My daughter said ‘Oh Daddy must be fishing.” That was what he had begun to do in the afternoons. ‘Yes, “ I agreed, " I guess you are right, "
We went inside and right away I felt something was different. You know how you sense a strangeness, an unfamiliarity about your surroundings? That was what I was feeling.
I walked to the back of the house and when I got to the bedroom we shared the closet doors were open. His clothes were gone. The drawers to the dresser were open a bit. When I investigated I found his clothing from those drawers was gone also.
Walking back up to the spare bedroom I peeked in and all of the stereo equipment we had bought in Japan was gone. At this point I did not need someone to draw me a picture. The picture was clear and present. He had left me. He had left me not my daughter. She was collateral damage.
That feeling of seeing white that you may have experienced fell over me. It was surreal. It was a feeling of disbelief unlike any other I had ever known.
Even today I cannot say how I got through the next few days. I know that I did some crazy stuff. I would get up in the middle of the night and put my precious daughter in the car and just drive around. I was not looking for him. I was just driving around because I could not sleep. I was numb. Nothing seemed to make sense to me.
I had had no idea that he had planned to do this.
The need to know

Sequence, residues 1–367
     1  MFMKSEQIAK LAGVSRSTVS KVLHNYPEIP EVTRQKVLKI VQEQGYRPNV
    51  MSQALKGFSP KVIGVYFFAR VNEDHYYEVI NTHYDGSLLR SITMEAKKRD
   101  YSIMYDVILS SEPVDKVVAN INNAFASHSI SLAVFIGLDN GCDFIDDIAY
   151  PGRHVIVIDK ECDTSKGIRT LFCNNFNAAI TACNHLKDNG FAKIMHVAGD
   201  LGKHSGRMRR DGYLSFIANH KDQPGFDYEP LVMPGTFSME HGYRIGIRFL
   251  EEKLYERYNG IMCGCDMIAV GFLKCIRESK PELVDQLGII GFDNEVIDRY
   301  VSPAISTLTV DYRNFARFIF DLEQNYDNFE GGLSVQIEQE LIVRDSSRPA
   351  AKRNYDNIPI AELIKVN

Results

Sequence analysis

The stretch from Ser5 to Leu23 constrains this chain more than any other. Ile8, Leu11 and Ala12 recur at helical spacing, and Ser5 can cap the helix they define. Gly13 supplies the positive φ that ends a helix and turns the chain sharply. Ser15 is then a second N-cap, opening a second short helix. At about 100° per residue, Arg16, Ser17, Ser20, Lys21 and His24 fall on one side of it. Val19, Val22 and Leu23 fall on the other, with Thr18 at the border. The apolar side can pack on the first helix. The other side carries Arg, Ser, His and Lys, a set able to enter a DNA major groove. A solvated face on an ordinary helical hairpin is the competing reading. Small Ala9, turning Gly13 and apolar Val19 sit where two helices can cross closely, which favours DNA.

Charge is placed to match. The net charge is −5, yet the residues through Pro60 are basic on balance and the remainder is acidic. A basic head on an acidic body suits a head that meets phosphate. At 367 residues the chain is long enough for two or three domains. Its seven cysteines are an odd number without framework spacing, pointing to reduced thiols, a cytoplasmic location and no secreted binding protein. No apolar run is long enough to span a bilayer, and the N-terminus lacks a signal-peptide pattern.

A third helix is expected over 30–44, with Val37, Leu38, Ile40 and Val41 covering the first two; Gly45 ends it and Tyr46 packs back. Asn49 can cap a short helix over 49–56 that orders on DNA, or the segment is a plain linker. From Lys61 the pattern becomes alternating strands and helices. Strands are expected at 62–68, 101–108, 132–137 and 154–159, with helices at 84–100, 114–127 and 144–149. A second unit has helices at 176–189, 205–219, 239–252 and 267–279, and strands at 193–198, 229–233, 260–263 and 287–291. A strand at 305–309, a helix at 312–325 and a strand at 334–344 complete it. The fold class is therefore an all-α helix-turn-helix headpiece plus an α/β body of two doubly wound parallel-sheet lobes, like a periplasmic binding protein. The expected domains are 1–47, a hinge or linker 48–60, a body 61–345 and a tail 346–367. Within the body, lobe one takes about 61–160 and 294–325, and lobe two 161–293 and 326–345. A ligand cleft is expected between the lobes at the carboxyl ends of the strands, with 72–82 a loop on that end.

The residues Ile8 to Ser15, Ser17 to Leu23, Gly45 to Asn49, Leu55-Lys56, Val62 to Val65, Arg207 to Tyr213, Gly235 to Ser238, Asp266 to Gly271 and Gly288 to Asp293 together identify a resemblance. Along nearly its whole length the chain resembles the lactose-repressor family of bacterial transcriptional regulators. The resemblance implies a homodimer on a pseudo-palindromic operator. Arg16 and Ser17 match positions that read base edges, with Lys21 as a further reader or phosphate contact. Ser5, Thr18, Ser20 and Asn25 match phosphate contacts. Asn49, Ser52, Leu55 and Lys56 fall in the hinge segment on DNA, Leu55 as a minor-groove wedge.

At the end of that week that seemed to stretch on and on and on, I made a decision. I decided to go find him and confront him. I had an idea that if he had gone anywhere it would be to Albany, Georgia, because that was the last place we had lived before we moved to Japan in 1973. We had a mutual friend there. I knew his name so found out his phone number and I called him. His name was Ted. Ted had been infatuated with me when he met me while I was married to my husband. He never said anything to me but I knew and my husband had made little comments to me so I suspected it might be so. For that reason I thought I might be able to convince him to tell me if he knew where my husband was if in fact he was in Albany.
Dialing the phone number was emotional. I could barely make my fingers press the numbers. When he answered, I told him who I was and he said he knew who it was, he remembered my voice.
With no chit chat or pleasantries I asked him if he knew whether my husband was there and if so did he know where he was. At first he sort of mumbled something about not wanting to get in the middle of things but I begged him to tell me. I told him that if we had ever been friends to please tell me. After a few more seconds of begging, he told me exactly where he was.